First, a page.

Prior to the creation of the time-line, Robin Deacon presented a moving testimonial account of a residency the company had at his university in 2008. Performance artist Richard Layzell then moderated a discussion among an audience that included artists, students, representatives of arts and specialist disability arts organisations, friends and support workers. Everyone was asked to share ideas triggered by the time-line, and the preceding presentations from Intoart and Deacon. Written on cards, the responses were sincere and varied. They ranged from 'I was very proud of them', meaning the performers, to 'There is a warmth and honesty here' to 'Great to hear about the power of being and creating in the present'.

Other thoughts reflected on the response cards were connected to notions of risk-taking and impulse or, as one person wrote, 'doing rather than talking.' These comments became even more resonant as the afternoon programme unfolded. Danny Nasirpour Smith and Chris Brierley, members of the learning disability organisation Heart n Soul, performed an improvised piece called Framed. Under the auspices of Intoart, Ntiense Eno Amooquaye and Clifton Wright showed a film and used performance to recollect their experiences of the South London art collective's recent exhibition at the Whitechapel. For its part Corali presented extracts from the Visual Voices work developed with Project Volume. (Visual Voices is a training programme for emerging dance and visual artists with learning disabilities; Corali handled the choreographic side of the project and Project Volume, a new company led by Susan Norwood, concurrently ran a course for visual artists offering opportunities to develop their curating skills.)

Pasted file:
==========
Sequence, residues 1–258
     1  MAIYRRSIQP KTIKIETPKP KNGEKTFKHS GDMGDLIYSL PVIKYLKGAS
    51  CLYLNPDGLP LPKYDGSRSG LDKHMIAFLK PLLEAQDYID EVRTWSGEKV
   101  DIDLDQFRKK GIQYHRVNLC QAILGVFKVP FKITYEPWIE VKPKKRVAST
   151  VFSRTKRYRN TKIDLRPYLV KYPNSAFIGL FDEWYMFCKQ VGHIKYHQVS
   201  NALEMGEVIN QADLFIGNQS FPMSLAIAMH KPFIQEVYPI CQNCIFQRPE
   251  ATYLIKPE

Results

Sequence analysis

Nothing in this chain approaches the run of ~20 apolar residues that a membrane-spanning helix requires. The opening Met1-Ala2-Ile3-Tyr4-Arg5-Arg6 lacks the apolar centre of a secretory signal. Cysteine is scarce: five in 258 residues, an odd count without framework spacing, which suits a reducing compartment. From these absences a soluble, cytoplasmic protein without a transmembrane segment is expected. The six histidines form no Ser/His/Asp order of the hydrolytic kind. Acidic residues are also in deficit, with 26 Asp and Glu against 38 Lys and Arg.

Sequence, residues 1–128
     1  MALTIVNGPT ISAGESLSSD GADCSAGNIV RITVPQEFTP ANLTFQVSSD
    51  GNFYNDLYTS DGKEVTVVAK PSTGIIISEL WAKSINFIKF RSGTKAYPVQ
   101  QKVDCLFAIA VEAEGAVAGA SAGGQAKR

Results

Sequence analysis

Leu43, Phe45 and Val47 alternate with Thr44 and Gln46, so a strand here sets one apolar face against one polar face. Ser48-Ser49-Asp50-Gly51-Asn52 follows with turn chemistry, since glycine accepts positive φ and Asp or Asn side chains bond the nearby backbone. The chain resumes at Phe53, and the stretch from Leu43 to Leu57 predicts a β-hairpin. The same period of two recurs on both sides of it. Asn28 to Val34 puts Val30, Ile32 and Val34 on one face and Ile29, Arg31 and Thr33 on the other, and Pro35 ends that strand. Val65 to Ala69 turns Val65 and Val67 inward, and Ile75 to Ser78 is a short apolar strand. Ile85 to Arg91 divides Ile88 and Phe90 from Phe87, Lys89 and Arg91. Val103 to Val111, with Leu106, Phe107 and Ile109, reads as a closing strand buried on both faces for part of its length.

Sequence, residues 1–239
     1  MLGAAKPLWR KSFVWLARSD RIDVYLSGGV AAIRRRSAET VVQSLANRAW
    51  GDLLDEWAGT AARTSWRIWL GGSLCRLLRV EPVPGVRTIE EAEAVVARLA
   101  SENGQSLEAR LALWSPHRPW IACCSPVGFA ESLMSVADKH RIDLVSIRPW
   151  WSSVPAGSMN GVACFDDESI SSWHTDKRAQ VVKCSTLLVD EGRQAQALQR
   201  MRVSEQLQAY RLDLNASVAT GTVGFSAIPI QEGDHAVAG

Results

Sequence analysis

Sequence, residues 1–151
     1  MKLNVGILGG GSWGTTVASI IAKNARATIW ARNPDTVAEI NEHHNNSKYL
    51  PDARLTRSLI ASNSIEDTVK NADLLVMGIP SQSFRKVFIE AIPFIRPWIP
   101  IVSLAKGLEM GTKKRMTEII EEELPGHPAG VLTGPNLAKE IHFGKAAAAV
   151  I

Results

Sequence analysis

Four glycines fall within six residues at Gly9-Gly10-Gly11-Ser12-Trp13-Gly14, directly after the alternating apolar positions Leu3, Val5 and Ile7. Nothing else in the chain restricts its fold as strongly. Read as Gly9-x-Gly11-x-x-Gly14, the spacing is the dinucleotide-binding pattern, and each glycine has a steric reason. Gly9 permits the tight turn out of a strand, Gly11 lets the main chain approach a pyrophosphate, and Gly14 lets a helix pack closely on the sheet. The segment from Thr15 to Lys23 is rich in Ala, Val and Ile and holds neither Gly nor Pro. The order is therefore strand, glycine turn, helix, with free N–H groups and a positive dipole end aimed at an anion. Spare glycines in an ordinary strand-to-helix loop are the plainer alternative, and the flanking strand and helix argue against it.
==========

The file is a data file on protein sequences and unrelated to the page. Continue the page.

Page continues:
For the second part of its anniversary celebrations Corali returned to the Whitechapel after ten years (having been commissioned in 2000) with a new performance. How Happy We Would Be was partly inspired by Celebration, a film by Melanie Manchot that, in a single tracking shot, focuses on a street party. Her work was being exhibited at the Whitechapel while Corali was resident there in February. Company members thus viewed photographs she'd composed into a time-line of street celebrations. Afterwards, as Sarah Archdeacon explains, 'They spontaneously brought in photos of themselves at the Queen's Silver Jublilee street party. Not wanting to make our upcoming show too much about street parties, we took the idea of photos and celebration as our starting points but held onto pianos, long tables and tea as key aesthetic themes. By using the company's own photos the piece drew upon personal narrative, blending the experiences of the individual members with a style wrought from Corali's professional history. A risk-embracing process and an innovative use of space are very much a part of what constitutes that style.'